Rescuing food makes economic sense
By Ashley Stanley
Boston Business Journal
Massachusetts is rooted in innovation. We are home to renowned academic institutions and market-leading businesses that produce some of the world’s most advanced technologies and that pioneer solutions to complex problems, and yet we remain behind the curve in one critical area: food waste.
Bay State businesses and institutions regularly throw away tons of edible food. Every year, Massachusetts disposes of approximately 1.3 million tons of organic waste, according to state figures.
But it makes financial sense for businesses to rescue at least some of that good food from the trash heap. Food rescue organizations like ours and a committed group of supermarkets, restaurants and farms have undertaken an effort to help others benefit from this food. The result is that every day there are those less fortunate in our region who sit down to a meal of fresh, wholesome food. Food rescue is working — we just need a broader effort.
The more food that businesses remove from their own waste stream, the less they’ll have to pay in disposal costs. Businesses can also lower expenses by purchasing only the food that will be used. And at the end of the year, businesses can cash in on a tax benefit for donating wholesome food to food banks or food rescue organizations.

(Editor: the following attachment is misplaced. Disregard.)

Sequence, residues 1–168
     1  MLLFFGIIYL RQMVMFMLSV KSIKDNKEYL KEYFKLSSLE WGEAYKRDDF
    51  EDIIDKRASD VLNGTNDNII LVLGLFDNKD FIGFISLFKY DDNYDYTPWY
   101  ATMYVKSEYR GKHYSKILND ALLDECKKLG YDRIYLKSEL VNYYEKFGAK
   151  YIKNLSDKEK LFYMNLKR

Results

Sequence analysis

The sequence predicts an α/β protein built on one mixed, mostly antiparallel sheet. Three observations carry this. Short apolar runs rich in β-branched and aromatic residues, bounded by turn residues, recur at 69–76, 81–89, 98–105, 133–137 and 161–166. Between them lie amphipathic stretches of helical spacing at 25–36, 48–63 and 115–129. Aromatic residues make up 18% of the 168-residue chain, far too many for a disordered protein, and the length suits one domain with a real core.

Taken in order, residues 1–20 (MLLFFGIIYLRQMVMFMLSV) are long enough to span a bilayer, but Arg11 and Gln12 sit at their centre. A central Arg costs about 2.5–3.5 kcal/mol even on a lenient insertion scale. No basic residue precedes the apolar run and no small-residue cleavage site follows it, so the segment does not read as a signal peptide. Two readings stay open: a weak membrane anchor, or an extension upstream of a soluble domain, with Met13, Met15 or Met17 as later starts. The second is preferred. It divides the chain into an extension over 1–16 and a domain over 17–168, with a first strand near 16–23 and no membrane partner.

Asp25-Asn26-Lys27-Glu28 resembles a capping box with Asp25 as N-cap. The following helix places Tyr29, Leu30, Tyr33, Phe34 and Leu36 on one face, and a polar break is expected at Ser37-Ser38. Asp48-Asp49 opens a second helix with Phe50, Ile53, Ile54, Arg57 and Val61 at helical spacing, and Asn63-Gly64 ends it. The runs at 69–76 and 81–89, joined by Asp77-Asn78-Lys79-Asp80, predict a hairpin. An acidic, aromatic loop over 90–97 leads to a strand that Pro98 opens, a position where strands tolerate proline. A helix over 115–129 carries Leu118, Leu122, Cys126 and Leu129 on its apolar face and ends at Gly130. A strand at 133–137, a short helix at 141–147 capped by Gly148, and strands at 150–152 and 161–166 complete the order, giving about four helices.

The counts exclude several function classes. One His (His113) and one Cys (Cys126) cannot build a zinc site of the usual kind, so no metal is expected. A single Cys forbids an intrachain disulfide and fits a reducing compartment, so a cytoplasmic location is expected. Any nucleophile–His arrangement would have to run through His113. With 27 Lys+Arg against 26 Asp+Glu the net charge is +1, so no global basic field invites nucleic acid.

An example from a few years ago shows how rescuing food can help boost the bottom line. A program by the state Department of Environmental Protection and the Massachusetts Food Association promoted the recycling and reuse of organic waste among supermarkets across the state. In 2010, this resulted in more than 225 stores from seven major chains saving between $3,000 and $20,000 in annual waste disposal costs per store.
More recently, a proposal by the Patrick administration would divert more food waste from large institutions — such as supermarkets, colleges, hospitals and hotels. Food would be donated or given to food rescue organizations. Food that could not be repurposed would be sent to anaerobic digestion facilities, where through a process involving microbes that break down food, it would be converted to energy.
The National Resource Defense Council estimates that American families throw out approximately 25 percent of the food they buy, which costs the average family of four $1,365 to $2,275 annually.
The economic impact of food waste cannot be overstated, which is why we must take action to prevent avoidable costs and support new opportunities for growth.
Ashley Stanley is founder and executive director of Lovin’ Spoonfuls.